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Soc 421 Processes of Deviant Behavior
Soc 441 Criminology
Soc 446 Juvenile Delinquency
Director of Graduate Studies
4438 Sewell Social Sciences
Fax: (608) 262-8400
Office Hours: M 1-2 (F'15)
Light, Michael, Michael Massoglia, and Ryan King. (forthcoming) "The Salience of Citizenship in Criminal Courts" (American Sociological Review).
Massoglia, Michael and William Pridemore. (forthcoming). "Incarceration and Health." Annual Review of Sociology.
Massoglia, Michael, Glenn Firebaugh and Cody Warner. 2013. "Racial Variation in the Effect of Incarceration on Neighborhood Attainment." American Sociological Review, 78: 142-165.
King, Ryan, Michael Massoglia and Christopher Uggen. 2012. "Employment and Exile: U.S. Criminal Deportations, 1908-2005." American Journal of Sociology, 117: 1786-1825.
Massoglia, Michael, Brianna Remster and Ryan King. 2011. "Stigma or Separation? Understanding the Incarceration Divorce Relationship." Social Forces, 133-156.
Massoglia, Michael and Christopher Uggen. 2010. "Settling Down and Aging Out: Toward an Interactionist Theory of Desistance and the Transition to Adulthood." American Journal of Sociology, 116:543-82.
Massoglia, Michael. 2008. "Incarceration, Health, and Racial Disparities in Health." Law and Society Review, 42:275-306.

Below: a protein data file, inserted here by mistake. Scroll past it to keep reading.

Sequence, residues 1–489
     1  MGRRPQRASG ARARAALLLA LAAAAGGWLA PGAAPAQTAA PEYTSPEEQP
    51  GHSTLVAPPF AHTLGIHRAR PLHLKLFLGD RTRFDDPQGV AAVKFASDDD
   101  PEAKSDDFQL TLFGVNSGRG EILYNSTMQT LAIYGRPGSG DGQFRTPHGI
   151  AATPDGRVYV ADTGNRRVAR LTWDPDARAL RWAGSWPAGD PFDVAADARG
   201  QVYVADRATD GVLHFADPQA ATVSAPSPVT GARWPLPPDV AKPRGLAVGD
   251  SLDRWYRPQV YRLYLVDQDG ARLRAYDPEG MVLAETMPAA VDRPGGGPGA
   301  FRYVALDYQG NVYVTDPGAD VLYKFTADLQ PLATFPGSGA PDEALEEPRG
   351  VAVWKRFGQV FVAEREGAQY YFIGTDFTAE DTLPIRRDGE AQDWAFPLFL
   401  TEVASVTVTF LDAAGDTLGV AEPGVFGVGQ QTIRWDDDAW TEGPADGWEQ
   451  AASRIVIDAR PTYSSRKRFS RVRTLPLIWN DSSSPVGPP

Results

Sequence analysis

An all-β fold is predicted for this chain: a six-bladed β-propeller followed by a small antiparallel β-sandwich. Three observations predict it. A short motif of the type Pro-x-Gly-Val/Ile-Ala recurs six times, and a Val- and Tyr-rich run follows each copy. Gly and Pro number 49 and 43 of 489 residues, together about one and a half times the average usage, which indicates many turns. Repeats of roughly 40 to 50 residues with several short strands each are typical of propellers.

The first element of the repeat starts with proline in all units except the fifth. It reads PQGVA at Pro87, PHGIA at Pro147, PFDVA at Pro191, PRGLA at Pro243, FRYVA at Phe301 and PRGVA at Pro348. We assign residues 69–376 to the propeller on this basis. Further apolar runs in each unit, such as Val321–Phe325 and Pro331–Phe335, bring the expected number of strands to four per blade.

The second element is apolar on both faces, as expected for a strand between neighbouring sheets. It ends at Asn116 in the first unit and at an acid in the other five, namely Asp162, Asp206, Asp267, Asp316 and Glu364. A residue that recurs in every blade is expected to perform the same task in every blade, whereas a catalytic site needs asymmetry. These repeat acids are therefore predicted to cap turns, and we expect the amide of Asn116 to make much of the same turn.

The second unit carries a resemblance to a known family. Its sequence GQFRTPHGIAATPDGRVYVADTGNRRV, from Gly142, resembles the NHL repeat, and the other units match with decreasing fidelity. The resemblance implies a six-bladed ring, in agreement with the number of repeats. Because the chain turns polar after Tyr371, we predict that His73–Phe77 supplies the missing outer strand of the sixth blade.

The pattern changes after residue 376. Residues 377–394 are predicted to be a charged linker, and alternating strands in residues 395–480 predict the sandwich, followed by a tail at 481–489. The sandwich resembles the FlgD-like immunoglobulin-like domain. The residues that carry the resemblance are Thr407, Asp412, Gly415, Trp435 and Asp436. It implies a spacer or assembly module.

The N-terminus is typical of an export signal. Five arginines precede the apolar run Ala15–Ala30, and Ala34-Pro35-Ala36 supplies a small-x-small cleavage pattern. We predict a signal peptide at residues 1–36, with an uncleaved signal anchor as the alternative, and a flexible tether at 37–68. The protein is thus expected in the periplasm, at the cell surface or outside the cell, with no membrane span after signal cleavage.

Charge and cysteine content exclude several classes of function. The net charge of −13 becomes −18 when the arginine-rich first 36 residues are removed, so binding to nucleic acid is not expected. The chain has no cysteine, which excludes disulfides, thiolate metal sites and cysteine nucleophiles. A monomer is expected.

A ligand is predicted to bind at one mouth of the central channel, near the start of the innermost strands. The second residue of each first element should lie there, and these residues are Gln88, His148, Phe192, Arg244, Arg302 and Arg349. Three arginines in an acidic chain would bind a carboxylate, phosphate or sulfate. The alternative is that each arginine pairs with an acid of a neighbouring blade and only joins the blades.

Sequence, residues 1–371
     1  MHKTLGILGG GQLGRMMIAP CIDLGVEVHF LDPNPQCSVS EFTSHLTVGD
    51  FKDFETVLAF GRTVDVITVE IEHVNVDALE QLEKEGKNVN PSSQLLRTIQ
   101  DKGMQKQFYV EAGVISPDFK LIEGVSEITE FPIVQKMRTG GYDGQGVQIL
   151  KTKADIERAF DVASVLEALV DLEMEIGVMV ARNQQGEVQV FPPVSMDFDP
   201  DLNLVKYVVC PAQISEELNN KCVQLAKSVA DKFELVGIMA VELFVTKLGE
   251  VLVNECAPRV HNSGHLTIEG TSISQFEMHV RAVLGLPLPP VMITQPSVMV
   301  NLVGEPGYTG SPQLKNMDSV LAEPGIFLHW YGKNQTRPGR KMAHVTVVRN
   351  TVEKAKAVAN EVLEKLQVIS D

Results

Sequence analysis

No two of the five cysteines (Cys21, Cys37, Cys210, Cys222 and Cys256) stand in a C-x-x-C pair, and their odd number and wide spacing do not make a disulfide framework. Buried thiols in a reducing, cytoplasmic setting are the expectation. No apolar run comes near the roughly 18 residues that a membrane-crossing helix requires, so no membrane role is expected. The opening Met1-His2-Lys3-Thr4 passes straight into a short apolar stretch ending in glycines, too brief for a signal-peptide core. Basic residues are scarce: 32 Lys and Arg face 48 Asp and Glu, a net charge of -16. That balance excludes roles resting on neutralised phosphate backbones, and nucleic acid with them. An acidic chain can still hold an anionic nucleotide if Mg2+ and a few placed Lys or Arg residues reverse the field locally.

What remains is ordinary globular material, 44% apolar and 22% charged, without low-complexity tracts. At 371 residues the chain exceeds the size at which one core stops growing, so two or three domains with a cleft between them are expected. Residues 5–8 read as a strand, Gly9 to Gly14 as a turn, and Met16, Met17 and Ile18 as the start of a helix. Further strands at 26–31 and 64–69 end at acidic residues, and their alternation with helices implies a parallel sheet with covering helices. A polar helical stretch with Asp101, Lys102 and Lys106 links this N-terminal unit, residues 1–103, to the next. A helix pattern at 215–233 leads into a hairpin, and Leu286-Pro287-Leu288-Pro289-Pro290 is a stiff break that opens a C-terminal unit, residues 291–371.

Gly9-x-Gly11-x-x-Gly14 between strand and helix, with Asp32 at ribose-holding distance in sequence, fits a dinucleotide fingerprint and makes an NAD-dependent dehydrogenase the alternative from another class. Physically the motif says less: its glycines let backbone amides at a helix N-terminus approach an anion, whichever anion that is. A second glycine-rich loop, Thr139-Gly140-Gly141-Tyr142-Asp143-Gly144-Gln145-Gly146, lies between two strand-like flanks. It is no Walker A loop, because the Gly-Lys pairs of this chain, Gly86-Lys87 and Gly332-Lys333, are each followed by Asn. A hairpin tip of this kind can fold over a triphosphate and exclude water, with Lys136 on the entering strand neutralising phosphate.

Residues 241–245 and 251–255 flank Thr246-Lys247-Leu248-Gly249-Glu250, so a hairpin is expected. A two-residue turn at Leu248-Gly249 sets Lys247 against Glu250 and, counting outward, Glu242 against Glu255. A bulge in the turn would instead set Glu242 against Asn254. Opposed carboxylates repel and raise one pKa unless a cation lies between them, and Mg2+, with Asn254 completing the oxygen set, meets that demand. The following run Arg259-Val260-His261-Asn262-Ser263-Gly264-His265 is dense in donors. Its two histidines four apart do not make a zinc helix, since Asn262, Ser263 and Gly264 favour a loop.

Massoglia, Michael. 2008. "Incarceration as Exposure: The Prison, Infectious Disease and Other Stress-Related Illnesses." The Journal of Health and Social Behavior, 49:56-71.
Ph.D., University of Minnesota
Research Interest Statement:
Mike's work focuses on the social consequences of the expansion of the penal system, the relationship between the use of legal controls and demographic change in the United States, and patterns and consequences of criminal behavior over the life course. Current research projects examine historical variation in U.S. criminal deportations as well as the relationship between incarceration and neighborhood attainment and racial composition. Mike teaches classes on criminology, delinquency, and deviance. Mike also serves as the Director of the Center for Law, Society & Justice.